St. Lawrence Arts Center Holds First Workshop with Planning Board

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The Addition on Right Superimposed onto the Original Building on Left

The Addition on Right Superimposed onto the Original Building on Left

By Carol McCracken  (Post # 1,736)

The St. Lawrence Arts Center held the first of probably three workshops with the city’s Planning Board yesterday afternoon.  The applicant applied for amendments to their original conditional zoning agreement in late January of this year.

Peter Monro, Co-founder of KeepPortlandLivable.org

Peter Monro, Co-founder of KeepPortlandLivable.org

Kevin Gough, architect with Archetype Architects, presented an overview of the proposed addition to the Board.  That was followed by a presentation by Tom Gorrill, Gorrill-Palmer, Inc. of a proposed parking plan that includes a shutter to Cutter Street and possibly to a nearby parking garage.   The plan is not complete and needs additional refinement.  In the meantime, the city has just hired a traffic consultant. Nelson Nygaard, Boston, to evaluate the proposed parking plan.  Chairman Stuart O’Brien asked that discussion of the parking plan be deferred until a later meeting when the new consultant is up to speed.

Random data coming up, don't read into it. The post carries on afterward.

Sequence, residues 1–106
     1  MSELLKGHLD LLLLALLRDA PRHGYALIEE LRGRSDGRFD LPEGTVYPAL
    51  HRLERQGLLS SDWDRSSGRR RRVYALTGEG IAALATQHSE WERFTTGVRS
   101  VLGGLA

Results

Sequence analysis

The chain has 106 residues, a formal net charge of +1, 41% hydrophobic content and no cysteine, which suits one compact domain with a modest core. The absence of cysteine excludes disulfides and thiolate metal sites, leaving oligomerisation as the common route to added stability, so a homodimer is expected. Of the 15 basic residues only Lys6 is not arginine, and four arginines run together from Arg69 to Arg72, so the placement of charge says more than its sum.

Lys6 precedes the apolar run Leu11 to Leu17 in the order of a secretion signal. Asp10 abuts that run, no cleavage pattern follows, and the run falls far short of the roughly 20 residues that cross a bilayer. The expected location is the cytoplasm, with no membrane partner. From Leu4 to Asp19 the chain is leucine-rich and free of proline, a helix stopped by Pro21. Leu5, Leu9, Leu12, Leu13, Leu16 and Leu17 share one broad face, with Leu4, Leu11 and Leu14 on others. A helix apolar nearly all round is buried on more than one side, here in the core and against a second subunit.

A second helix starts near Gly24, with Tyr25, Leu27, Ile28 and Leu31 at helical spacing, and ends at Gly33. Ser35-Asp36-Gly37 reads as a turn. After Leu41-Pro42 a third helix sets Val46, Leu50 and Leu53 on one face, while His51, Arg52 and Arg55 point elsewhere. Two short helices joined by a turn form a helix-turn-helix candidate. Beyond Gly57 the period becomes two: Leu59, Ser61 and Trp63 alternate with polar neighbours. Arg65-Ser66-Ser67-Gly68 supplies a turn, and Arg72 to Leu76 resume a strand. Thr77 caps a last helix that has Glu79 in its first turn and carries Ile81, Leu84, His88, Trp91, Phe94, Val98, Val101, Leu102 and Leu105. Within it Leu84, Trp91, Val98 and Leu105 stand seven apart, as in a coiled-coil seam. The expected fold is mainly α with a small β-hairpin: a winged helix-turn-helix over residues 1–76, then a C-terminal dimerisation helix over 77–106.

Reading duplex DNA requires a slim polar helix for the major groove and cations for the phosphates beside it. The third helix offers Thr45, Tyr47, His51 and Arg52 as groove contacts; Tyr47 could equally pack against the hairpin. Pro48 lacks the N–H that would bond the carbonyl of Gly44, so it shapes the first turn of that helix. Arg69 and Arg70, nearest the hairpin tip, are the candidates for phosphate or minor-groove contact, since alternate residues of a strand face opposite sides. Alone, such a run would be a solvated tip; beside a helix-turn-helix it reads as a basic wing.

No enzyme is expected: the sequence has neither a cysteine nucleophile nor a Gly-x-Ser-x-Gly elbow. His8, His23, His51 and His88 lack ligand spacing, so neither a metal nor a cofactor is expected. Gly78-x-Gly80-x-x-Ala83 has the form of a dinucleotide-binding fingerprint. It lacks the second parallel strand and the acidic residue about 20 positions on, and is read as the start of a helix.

However, a core of about eight people, mostly from Concerned Citizens, asked questions on the parking plan as well as on other matters relating to the proposed addition.  The size of the building is less an issue to the opponents of the proposed building because it is smaller in size than the original sanctuary which was a 500 seat facility.  The current proposed addition is comparable in size to the building already approved by the City back in 2010. Plans for that building were abandoned because potential funders said it would be too expensive to construct.  Plans were redrawn for the current contemporary building which is less expensive to construct than a plan resembling the original architecture.

Deidre Nice, Executive Director of the St. Lawrence Arts Center said that occupancy of the building is currently limited  to no more than 485 people simultaneously. That number will not change.

Although he did not speak at the workshop, it was noted that Peter Monro, of KeepPortlandLivable.org attended some of the meeting.  His non-profit is engaged in stopping the construction of the Midtown complex and has filed a lawsuit against  the city in hopes of accomplishing that. He was recruited by Ralph Carmona, a founder of Concerned Citizens. who told mhn.com he did not know what role Monro would play in the opposition to the proposed addition to the building.  Carmona ran unsuccessfully for School Board last fall.